ENG150Y1Y - L0101

Literature Traditions


Monday, 1 am - 3 pm

Instructor Information

J. Rogers

E-mail: johnd.rogers@utoronto.ca

Course Description

An exploration of some of the greatest works of literature composed over the course of three thousand years. We begin in the fall term with the creation stories of the Mesopotamian Enuma Elish and the Hebrew Bible, the Odyssey of Homer, and the lyrics of Sappho. For the remainder of the course, we trace the undeniable but controversial influence of those ancient works on our understanding of story-telling, nation-building, the origin of the cosmos, and the meaning of the human. The fall term ends with Dante’s Inferno, Cervantes’ Don Quixote, and Shakespeare’s Hamlet. In the winter term, we extend our investigation through a study of four masterpieces of modernity, Milton’s Paradise Lost, Swift’s Gulliver’s Travels, Mary Shelley’s Frankenstein, and Dostoevsky’s Crime and Punishment. The course concludes with a look at a seminal work of science fiction, A Voyage to Arcturus, and the mind-bending stories of the post-modern Argentinian writer Borges.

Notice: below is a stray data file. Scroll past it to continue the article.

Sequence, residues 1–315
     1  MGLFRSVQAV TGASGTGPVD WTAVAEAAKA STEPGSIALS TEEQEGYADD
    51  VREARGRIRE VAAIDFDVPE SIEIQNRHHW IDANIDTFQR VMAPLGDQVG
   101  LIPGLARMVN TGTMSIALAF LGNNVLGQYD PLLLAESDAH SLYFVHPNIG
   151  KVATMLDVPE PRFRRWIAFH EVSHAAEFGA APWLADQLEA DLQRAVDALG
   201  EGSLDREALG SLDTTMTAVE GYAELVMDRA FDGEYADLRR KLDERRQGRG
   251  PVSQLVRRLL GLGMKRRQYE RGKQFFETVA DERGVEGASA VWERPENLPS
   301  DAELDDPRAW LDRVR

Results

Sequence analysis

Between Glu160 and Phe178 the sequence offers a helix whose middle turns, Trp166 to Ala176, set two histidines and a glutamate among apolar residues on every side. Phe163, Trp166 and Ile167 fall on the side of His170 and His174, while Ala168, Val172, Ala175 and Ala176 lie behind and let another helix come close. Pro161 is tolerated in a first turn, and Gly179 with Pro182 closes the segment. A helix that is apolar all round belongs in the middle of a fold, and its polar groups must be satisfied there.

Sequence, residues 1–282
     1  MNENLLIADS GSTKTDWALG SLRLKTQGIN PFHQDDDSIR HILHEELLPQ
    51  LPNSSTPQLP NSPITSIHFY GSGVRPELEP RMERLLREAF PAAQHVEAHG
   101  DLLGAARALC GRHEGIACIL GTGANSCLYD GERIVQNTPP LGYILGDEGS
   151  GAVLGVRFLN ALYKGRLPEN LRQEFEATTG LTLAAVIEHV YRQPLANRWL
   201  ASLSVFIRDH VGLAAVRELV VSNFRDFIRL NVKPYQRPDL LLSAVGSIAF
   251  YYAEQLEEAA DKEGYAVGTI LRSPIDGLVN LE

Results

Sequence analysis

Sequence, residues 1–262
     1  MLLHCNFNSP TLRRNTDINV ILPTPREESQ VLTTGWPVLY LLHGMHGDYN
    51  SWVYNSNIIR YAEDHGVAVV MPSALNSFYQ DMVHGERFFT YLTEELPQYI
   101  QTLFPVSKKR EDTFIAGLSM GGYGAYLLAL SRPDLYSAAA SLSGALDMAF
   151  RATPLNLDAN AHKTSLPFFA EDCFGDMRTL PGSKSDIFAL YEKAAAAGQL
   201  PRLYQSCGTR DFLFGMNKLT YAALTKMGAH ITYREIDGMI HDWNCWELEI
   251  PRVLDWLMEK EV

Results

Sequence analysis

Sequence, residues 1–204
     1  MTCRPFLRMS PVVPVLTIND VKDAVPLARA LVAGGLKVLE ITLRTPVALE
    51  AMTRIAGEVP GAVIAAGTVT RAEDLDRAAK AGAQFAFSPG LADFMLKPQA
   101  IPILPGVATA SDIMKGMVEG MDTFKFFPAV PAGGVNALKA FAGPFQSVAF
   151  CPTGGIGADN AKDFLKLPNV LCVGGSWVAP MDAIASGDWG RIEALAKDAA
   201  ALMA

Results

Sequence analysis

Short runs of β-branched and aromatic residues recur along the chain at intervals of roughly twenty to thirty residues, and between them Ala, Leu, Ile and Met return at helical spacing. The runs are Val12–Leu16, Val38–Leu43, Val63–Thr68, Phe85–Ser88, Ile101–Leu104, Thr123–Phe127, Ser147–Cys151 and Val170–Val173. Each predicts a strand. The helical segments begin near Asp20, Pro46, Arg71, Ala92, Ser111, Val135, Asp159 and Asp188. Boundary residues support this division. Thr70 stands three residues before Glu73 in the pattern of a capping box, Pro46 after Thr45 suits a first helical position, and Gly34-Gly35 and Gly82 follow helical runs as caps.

Required Readings

  • Enuma Elish
  • Chapters 1-3 of Genesis
  • Selections from Homer’s Odyssey
  • The poetry of Sappho
  • Cervantes’ Don Quixote
  • Shakespeare’s Hamlet
  • Milton’s Paradise Lost
  • Swift’s Gulliver’s Travels
  • Shelley’s Frankenstein
  • Dostoevsky’s Crime and Punishment
  • David Lindsay’s A Voyage to Arcturus
  • The fiction of Jorge Luis Borges

First Three Authors/Texts:

  • Selections from Myths of Mesopotamia (Quercus)
  • The Book of Genesis (Quercus)
  • The Odyssey of Homer

Methods of Evaluation

  • Informal discussion posts (15%)
  • Participation (15%)
  • Two short essays (10% each)
  • Two brief quizzes (5% each)
  • Final essay (40%)